Hager book value lost in head­lines

Kapi-Mana News - - OPINION/NEWS -

The lat­est book by in­ves­tiga­tive jour­nal­ist Nicky Hager cap­tured a lot of at­ten­tion on the po­lit­i­cal land­scape last week.

The head­line claims were about the col­lu­sion be­tween Amer­i­can in­tel­li­gence agen­cies and New Zealand troops en­gaged in aid and de­vel­op­ment work in Afghanistan, but they were not an es­sen­tial part of the book’s core ar­gu­ment.

Dur­ing the past 15 years, a suc­ces­sion of pub­li­ca­tions by Hager have all had a com­mon theme.

Each book has ex­am­ined var­i­ous ways in which the coun­try’s au­ton­omy is be­ing eroded by pro­cesses largely con­cealed from the gen­eral pub­lic. This ab­sence of gen­uine demo­cratic par­tic­i­pa­tion and de­bate has been Hager’s re­cur­ring theme – re­gard­less of whether the lack of trans­parency has been the by-prod­uct of our mil­i­tary and in­tel­li­gence al­liances, or fos­tered by our own politi­cians and bu­reau­crats and their pub­lic re­la­tions ad­vis­ers.

Other Peo­ple’s Wars is no ex­cep­tion.

Hager’s sub­ject this time is the in­ner work­ings of the de­fence es­tab­lish­ment postSeptem­ber 11, and its al­leged at­tempts to sub­vert the quasi­in­de­pen­dent for­eign pol­icy of the Clark Gov­ern­ment.

Pre­dictably, the cur­rent Gov­ern­ment has cho­sen to ig­nore the con­tents of the book, and trusted that most New Zealan­ders will not bother to read it.

Like­wise, the de­fence bu­reau­cracy has main­tained that it has al­ways com­plied with the de­fence poli­cies of the gov­ern­ment of the day.

This is de­spite re­ports in the book with re­gard to the mil­i­tary’s own con­cerns about the blur­ring of lines be­tween our in­tel­li­gence gath­er­ing and aid ef­forts in Afghanistan, and to the covert as­sis­tance be­ing given to the Amer­i­can mil­i­tary ef­fort in Iraq, de­spite gov­ern­ment pol­icy to the con­trary.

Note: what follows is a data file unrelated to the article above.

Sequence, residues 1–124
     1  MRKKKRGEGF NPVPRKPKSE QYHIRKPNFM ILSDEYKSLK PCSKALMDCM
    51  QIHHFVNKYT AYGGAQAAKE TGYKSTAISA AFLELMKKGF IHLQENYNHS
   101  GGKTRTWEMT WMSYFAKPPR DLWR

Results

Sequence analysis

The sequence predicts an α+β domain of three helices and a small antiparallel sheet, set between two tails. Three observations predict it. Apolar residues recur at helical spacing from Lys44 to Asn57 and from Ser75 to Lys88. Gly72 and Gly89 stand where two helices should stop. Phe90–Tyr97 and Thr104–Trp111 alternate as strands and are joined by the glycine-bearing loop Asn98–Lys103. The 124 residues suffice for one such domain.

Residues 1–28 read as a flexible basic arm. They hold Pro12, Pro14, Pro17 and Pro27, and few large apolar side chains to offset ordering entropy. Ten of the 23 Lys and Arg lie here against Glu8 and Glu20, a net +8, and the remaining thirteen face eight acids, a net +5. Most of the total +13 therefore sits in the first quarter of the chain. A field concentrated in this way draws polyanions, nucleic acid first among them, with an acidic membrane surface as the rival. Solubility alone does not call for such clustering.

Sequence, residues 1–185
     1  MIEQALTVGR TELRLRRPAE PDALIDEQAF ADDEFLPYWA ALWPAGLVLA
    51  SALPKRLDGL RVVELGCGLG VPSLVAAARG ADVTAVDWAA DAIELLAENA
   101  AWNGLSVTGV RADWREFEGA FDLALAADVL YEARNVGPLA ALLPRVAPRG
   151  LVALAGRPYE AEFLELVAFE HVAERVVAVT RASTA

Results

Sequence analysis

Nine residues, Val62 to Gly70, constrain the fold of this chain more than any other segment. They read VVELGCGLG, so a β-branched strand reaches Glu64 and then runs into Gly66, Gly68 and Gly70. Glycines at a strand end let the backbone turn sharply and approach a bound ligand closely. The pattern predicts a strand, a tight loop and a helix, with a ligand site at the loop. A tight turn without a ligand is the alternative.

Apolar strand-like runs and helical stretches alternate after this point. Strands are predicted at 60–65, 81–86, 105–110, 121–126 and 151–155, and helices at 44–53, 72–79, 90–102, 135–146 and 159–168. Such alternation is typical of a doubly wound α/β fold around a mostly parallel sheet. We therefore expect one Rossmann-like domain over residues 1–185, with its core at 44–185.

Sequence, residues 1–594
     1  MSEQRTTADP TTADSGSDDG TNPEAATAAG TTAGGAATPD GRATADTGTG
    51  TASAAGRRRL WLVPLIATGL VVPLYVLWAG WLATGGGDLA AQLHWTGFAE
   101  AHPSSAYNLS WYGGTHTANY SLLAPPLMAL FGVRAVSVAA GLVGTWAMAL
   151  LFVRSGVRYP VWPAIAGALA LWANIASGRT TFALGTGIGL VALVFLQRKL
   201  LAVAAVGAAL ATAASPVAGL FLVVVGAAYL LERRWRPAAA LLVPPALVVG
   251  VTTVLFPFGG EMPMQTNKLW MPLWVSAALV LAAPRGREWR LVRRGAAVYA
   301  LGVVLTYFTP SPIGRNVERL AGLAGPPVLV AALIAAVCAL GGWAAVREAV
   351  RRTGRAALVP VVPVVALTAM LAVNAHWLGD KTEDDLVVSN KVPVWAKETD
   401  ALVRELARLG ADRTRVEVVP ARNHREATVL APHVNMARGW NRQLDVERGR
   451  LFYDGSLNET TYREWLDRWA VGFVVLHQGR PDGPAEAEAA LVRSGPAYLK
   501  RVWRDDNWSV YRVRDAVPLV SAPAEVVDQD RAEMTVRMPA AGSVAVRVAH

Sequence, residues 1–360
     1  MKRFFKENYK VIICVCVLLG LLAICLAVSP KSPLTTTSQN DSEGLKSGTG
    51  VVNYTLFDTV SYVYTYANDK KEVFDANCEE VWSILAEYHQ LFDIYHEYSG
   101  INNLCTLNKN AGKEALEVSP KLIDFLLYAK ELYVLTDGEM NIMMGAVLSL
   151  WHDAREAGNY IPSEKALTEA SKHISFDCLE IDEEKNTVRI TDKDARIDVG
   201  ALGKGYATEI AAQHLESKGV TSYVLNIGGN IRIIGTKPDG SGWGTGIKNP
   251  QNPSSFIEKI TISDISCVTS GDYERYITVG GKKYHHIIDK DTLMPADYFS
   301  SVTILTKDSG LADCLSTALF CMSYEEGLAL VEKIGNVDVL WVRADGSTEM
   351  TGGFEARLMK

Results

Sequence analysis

For many read­ers, the last­ing value of the book will be its doc­u­men­ta­tion of a fas­ci­nat­ing chap­ter in our re­cent his­tory.

By the late 1990s, the New Zealand de­fence hi­er­ar­chy was be­ing yanked, kick­ing and scream­ing, out of its Cold War mind­set, and from its au­to­matic def­er­ence to the pri­or­i­ties of our tra­di­tional al­lies in Canberra, Lon­don and Wash­ing­ton. At the same time, our armed forces also faced ma­jor re-equip­ment needs.

Prob­lem be­ing, the Bol­ger/ Ship­ley Gov­ern­ments had been happy to take ad­van­tage of the Soviet Union’s col­lapse to run down our armed forces – as was il­lus­trated by some em­bar­rass­ing equip­ment fail­ures dur­ing New Zealand’s de­ploy­ment in Bos­nia.

Thus, the in­com­ing Clark Gov­ern­ment had to de­vise a fresh pol­icy frame­work, and find an af­ford­able way of reequip­ping the armed forces for this new role.

The an­swers Clark came up with? In fu­ture, any armed forces de­ploy­ment would re­quire an ex­plicit United Na­tions res­o­lu­tion, and be rel­a­tively in­de­pen­dent of our tra­di­tional al­lies.

Such a role would be af­ford­able only if our armed forces be­came army-fo­cused, with the air force and navy reduced mainly to sup­port roles.

That vi­sion was met with fierce op­po­si­tion from both the residue of Cold War thinkers within the de­fence hi­er­ar­chy, and its re­cently re­tired for­mer lead­er­ship.

That ten­sion is well cap­tured by Hager’s book, which gives chap­ter and verse on the brief pe­riod (punc­tu­ated by the Septem­ber 11 at­tacks) when New Zealand briefly tried to put dis­tance be­tween it­self and the neo-colo­nial ten­den­cies of our tra­di­tional al­lies.

In some ways, we can feel grate­ful.

Else­where, when sol­diers de­cide their po­lit­i­cal masters are be­ing mis­guided, they take more dras­tic action. Hager has shown that even within the New Zealand con­text, such ten­den­cies have not been en­tirely ab­sent.

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